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Colorado’s brilliant fall colors on the march

Denver Water’s mountain facilities offer prime viewing opportunities as the leaves turn.
Williams Fork Reservoir, fall 2018.


It’s finally cooling down and the brilliant yellow fall colors that mark Colorado’s high country are in full swing.

Depending on the elevation and location, you can witness the aspen’s fall colors ribbons of gold threading Colorado’s high-country valleys and peaks from mid-September to mid-November, according to Visit Denver.

And, lucky for us, the height of the fall colors is different at each of Denver Water’s mountain facilities as the seasonal change sweeps across Colorado, north to south, over the next few months.

The leaves have already started turning on the north side of Denver Water’s collection system, up around the Williams Fork Reservoir and Fraser River in Grand County. And we’re looking forward to following the change of seasons as it moves through the area around Dillon Reservoir, our largest storage reservoir, in Summit County, then through the South Platte River basin on the south side of our collection system.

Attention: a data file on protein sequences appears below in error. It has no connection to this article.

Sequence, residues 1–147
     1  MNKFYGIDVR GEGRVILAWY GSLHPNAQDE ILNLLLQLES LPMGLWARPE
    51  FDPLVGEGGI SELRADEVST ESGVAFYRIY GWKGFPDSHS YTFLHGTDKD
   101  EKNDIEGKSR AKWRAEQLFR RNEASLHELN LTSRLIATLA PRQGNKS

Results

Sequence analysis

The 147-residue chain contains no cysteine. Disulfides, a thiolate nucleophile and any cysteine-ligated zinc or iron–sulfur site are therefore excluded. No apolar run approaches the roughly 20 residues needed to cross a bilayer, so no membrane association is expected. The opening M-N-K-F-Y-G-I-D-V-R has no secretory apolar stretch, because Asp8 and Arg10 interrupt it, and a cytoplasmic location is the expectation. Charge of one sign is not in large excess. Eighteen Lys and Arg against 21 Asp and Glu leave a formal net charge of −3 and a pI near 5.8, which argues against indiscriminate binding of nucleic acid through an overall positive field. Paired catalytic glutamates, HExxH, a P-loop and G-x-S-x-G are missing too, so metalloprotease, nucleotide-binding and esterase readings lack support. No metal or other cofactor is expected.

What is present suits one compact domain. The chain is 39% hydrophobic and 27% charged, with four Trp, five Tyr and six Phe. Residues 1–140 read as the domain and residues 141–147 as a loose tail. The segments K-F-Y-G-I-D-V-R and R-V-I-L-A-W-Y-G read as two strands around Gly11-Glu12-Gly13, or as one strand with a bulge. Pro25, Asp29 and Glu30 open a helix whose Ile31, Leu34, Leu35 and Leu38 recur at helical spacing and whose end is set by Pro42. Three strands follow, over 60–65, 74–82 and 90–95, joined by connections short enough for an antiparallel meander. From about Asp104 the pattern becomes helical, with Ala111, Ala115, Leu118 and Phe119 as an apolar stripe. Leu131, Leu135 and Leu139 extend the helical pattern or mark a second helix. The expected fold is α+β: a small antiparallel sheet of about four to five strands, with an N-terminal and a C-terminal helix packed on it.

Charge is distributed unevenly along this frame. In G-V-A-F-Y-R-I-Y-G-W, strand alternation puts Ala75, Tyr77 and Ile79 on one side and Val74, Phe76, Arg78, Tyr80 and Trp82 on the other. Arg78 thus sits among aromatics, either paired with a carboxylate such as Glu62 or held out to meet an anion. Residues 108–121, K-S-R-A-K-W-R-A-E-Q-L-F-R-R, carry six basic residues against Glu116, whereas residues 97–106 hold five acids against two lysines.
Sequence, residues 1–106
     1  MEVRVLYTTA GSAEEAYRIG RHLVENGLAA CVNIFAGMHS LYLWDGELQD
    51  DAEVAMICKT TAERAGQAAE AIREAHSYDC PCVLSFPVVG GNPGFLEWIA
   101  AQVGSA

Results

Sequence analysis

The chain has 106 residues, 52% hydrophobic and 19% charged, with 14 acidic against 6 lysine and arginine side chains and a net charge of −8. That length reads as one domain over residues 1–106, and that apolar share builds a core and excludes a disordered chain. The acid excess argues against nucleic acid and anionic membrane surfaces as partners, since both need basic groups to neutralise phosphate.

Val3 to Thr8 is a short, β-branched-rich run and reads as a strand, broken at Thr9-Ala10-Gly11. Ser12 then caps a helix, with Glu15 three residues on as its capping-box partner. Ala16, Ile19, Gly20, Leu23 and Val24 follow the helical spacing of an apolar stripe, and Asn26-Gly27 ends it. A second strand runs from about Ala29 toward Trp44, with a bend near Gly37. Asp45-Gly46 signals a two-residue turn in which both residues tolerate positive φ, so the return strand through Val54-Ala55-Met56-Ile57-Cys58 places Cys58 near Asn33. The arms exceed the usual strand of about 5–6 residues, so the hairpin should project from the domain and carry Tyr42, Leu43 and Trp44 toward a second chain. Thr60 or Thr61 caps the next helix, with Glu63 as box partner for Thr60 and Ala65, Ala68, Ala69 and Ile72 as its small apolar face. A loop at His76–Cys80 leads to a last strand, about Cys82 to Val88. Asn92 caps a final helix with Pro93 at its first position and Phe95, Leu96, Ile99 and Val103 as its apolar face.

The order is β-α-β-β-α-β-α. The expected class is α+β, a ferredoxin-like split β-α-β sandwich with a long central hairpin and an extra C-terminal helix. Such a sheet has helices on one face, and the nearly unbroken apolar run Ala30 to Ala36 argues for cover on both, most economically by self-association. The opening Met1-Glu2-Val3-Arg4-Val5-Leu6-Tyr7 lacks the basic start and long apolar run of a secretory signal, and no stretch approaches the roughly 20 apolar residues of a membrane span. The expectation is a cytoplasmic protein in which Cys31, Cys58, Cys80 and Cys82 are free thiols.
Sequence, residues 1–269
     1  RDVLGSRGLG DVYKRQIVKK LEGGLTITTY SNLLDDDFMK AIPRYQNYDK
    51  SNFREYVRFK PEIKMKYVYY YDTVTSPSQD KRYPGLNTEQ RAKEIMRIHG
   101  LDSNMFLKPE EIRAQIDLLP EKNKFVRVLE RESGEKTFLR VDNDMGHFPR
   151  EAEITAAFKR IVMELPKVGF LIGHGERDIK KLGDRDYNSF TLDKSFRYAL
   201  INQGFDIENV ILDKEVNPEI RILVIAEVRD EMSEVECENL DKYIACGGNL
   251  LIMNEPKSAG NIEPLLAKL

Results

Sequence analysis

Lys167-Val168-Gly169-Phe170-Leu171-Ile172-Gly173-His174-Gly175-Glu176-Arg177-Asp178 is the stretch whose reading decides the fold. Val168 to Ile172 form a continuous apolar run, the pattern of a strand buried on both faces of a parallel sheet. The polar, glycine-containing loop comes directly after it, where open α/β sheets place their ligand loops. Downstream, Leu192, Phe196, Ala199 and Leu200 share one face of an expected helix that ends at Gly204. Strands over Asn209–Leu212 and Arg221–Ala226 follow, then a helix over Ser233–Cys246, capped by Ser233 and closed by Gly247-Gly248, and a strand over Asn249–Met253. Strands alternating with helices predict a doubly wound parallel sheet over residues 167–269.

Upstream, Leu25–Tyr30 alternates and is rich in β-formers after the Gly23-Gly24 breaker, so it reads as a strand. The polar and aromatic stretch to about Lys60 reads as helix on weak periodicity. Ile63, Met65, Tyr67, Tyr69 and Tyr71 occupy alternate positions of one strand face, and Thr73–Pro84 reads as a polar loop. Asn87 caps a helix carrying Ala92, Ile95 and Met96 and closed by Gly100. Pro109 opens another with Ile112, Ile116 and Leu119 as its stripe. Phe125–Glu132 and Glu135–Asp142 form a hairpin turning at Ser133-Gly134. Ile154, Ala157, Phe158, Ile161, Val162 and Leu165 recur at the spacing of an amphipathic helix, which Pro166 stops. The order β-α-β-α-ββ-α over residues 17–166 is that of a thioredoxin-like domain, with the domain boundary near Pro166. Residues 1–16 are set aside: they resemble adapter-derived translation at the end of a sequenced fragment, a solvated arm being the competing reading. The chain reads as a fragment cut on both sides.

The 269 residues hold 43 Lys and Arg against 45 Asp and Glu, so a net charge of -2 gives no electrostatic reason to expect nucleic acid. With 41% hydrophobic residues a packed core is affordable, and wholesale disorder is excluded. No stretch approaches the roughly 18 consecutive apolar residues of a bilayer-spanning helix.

We’re sharing some pictures from the Williams Fork Reservoir, which was finished in 1959 and located at an elevation of 7,600 feet.

Williams Fork is open year-round for hardy types who like camping. The boating season ends at the end of October.

Denver Water offers other spectacular sites in and near our water collection system, which spans the Rockies . You can meet some of the people who work in these environments, and throughout Denver Water’s system, by taking the “Journey of Water.”

And here’s a list of Denver Water recreation locations where you can get out and out play. Make a list, check it twice and enjoy.

Williams Fork Reservoir, fall 2018.
Williams Fork Reservoir, fall 2018.
Williams Fork Reservoir, fall 2018.